Sydney Coliseum and Lockout Reversal rumours spread slight hope
by Julius Grafton
Rumours of a reversal of Sydney’s unique ‘Lockout Laws’ seem confirmed although the NSW Government has not confirmed the measure which apparently maintains the Lockout across any venue in Kings Cross. Since enacted five years ago, almost all venues in Kings Cross have closed, and the precinct has regentrified with booming apartment developments returning windfall profits to developers – and heavy flows of stamp duty to the Government.
The Lock Out Laws affect Kings Cross, Oxford Street and the CBD but exempt Newtown and the Casino at Pyrmont. Designed to reduce alcohol-fuelled violence, the violence did reduce significantly as venues were sent broke and closed. But violence in Newtown and around the casino increased, neutralising the argument.
Five years of venue suppression has led to as many as 500,000 less visits to Sydney by younger tourists each year, and according to a Deloitte report ‘Imagine Sydney: Play’ the ‘Night Time Economy’ is missing as much as $16 billion annually. Deloitte measure the Australian NTE at 3.8% of GDP against 6% generated in the UK. The Australian percentage is dragged down by Sydney’s moribund nightlife. Deloitte group a large cluster of categories into that number, but it still created headlines when announced.
Venue baron Justin Hemmes said late night takings at Ivy, Sydney’s largest nightclub, tanked over 50% with the lockout laws, and he had the embarrassment of denying entry to Madonna for her end-of-tour party as she arrived after 1.30am. Sydney has lost around 150 venues since the laws, which tightly regulate entry hours, bottle shop opening times, and prohibit sale of shots after midnight.
The NSW state government ‘War On Festivals’ continues unabated with more outdoor events counting the cost of punitive user-pays policing and onsite medical villages, and the NSW Police Force conduct more strip searches looking for drug possession than any comparable service anywhere in the world. Strip searches can now be done if an officer ‘thinks’ someone looks worried. They can require any person, any age, remove all clothing, lift their breasts or testicles, squat down and repeatedly cough.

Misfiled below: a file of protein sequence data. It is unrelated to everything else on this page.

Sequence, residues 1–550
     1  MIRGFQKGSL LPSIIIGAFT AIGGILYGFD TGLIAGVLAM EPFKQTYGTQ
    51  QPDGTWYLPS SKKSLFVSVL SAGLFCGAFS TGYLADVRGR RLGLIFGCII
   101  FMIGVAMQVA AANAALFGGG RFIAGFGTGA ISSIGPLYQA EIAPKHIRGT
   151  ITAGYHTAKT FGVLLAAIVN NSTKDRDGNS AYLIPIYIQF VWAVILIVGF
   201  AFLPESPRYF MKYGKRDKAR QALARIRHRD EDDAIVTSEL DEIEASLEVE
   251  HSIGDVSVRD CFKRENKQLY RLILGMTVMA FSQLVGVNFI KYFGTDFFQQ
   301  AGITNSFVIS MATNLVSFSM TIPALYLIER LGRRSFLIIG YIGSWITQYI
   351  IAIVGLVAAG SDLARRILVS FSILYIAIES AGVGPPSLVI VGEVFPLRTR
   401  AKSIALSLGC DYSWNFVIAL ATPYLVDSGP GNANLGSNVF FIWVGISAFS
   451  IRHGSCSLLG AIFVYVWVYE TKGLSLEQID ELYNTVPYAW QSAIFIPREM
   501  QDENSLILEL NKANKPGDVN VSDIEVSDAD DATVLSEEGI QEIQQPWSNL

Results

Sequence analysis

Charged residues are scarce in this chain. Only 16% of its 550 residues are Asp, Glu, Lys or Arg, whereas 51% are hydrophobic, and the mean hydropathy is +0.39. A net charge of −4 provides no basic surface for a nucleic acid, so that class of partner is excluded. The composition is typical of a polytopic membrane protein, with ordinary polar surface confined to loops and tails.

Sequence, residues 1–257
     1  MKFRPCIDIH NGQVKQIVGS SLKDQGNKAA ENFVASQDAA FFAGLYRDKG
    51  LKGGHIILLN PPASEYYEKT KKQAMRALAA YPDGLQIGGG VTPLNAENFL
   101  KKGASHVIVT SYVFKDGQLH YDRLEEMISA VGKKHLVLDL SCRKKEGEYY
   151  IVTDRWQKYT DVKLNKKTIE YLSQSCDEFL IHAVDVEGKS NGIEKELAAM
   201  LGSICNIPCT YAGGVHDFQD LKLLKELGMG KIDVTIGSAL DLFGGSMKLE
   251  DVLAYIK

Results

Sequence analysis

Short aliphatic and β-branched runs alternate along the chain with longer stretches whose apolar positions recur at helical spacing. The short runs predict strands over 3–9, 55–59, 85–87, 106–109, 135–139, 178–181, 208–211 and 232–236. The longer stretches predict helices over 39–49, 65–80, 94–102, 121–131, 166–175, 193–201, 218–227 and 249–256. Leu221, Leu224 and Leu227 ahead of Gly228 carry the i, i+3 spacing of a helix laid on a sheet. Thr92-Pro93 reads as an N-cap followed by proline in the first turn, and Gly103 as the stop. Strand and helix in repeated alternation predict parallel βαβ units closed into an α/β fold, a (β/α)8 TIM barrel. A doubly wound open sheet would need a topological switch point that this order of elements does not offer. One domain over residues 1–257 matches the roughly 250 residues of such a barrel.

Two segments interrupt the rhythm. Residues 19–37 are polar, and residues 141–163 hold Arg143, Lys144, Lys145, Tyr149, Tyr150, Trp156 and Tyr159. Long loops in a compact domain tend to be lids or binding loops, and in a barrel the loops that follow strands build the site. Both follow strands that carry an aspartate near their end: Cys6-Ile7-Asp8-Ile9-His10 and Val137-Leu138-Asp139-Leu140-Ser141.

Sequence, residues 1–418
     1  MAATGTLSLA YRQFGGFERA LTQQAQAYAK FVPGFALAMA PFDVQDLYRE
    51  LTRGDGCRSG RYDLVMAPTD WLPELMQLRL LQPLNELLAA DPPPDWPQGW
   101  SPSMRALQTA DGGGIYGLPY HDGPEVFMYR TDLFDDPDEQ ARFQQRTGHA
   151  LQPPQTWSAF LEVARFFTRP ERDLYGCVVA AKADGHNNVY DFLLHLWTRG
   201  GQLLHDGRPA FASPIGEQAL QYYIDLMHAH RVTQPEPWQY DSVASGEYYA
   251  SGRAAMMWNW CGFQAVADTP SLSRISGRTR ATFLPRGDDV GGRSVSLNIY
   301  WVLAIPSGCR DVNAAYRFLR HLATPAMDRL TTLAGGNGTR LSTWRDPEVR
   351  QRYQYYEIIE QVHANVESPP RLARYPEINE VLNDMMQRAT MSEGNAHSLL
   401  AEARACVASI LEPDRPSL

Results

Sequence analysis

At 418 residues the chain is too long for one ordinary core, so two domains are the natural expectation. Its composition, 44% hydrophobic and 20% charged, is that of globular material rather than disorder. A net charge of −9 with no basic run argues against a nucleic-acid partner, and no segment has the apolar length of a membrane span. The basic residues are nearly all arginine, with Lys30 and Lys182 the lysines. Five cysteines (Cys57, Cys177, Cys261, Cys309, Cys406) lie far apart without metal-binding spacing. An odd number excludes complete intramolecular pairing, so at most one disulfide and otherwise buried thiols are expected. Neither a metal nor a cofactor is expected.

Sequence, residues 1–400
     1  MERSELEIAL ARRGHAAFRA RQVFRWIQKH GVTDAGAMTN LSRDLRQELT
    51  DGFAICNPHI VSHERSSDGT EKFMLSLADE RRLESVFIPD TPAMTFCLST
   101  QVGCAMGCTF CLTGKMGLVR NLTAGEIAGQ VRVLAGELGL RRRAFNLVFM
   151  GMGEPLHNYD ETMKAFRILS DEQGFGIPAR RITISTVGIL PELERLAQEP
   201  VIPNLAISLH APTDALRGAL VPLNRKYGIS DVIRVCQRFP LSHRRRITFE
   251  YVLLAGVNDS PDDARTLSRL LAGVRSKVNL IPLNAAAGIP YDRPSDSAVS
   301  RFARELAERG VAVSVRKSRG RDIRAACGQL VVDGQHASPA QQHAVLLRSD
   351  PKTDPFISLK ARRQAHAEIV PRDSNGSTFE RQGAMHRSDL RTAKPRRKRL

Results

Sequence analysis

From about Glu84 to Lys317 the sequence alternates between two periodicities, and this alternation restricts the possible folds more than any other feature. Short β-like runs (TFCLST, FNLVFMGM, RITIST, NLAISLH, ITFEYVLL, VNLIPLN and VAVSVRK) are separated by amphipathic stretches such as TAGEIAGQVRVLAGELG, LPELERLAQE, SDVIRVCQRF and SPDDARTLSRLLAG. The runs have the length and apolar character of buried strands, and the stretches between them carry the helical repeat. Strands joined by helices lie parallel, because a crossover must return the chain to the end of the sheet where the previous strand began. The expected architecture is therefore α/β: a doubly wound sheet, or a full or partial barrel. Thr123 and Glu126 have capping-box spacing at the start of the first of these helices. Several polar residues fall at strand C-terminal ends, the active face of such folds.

With festival promoters paying for large numbers of police and dogs lining up outside the venue, many festival patrons are staying home.
Meanwhile the theatre community sits bewildered as the Theatre Royal lease hangs twisting in the wind. Announced prior to the election, the lease became a letter of intent after the election, then a tender was announced which required any operator pay the developer owner of the facility, which is located under an office tower and retail complex, a $32 million one-off fee before investing in an expensive refit. At additional cost.
Not surprisingly no theatre operator anywhere in the world agreed to this, since you can buy a Broadway theatre for less, and several non-compliant tenders were lodged. Then the Government announced it had indeed signed a long term lease with the developer, and it did have an operator lined up on terms not disclosed. Several months silence have since followed.
More go-slows come down from the NSW government, including delays with the Parramatta Riverside renovations, linked to the contentious decision to move the Powerhouse Museum to Parramatta. That suburb is one of several ‘city hubs’ in Sydney – and is located 20km west, at the head of the Harbour, on Parramatta River.
Work on the fit-out of Walsh Bay’s Pier 2/3 has not started, leaving Bell Shakespeare Company, Australian Chamber Orchestra and the Theatre for Young People homeless.
Sydney desperately needs another Lyric Theatre, having just two – both operated by Stephen ‘Bytecraft’ Found. The Barangaroo headland void could be transformed into a lyric theatre, but the NSW Government is mute on almost everything arts related.
Since winning office eight years ago, the NSW Government has relentlessly crushed entertainment and events, first by shutting the Darling Harbour Convention Centre and the Sydney Entertainment Centre for up to 3 years, and replacing them with the International Convention Centre. The outcome was a ‘value engineered’ facility that produced a smaller venue (the ICC theatre) which cannot accommodate sport or arena ice shows, and a compromised convention and exhibition centre with small increases in capacity.
The only clear sign of hope for the arts community is the privately funded Sydney Coliseum Theatre at Rooty Hill, 42 km west of the CBD. This 2,000 seat complex is everything anyone would want, capable of full scale theatre musicals and a whole lot more. It opens in December and to date, the NSW Minister for the Arts has not been out there to have a look.
The ideology at play in the NSW Government appears to favour property development, tollways and asset sales ahead of everything else, and a very real sense of siege has settled over the arts community and managements. Other states have reaped the benefits, with events and arts facilities in Melbourne outstripping Sydney on every metric.